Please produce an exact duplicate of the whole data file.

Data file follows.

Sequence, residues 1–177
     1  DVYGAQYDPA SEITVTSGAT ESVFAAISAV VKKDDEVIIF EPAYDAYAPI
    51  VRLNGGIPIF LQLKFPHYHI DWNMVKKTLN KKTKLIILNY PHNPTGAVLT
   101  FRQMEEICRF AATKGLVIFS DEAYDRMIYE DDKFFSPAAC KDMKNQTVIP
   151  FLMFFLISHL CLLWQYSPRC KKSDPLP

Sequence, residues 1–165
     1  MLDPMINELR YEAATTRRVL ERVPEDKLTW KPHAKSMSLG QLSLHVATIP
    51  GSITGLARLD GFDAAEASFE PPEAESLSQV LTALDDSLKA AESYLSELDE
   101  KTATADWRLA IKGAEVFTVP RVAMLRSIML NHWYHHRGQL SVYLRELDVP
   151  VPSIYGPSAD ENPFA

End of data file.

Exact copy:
Sequence, residues 1–177
     1  DVYGAQYDPA SEITVTSGAT ESVFAAISAV VKKDDEVIIF EPAYDAYAPI
    51  VRLNGGIPIF LQLKFPHYHI DWNMVKKTLN KKTKLIILNY PHNPTGAVLT
   101  FRQMEEICRF AATKGLVIFS DEAYDRMIYE DDKFFSPAAC KDMKNQTVIP
   151  FLMFFLISHL CLLWQYSPRC KKSDPLP

Sequence, residues 1–165
     1  MLDPMINELR YEAATTRRVL ERVPEDKLTW KPHAKSMSLG QLSLHVATIP
    51  GSITGLARLD GFDAAEASFE PPEAESLSQV LTALDDSLKA AESYLSELDE
   101  KTATADWRLA IKGAEVFTVP RVAMLRSIML NHWYHHRGQL SVYLRELDVP
   151  VPSIYGPSAD ENPFA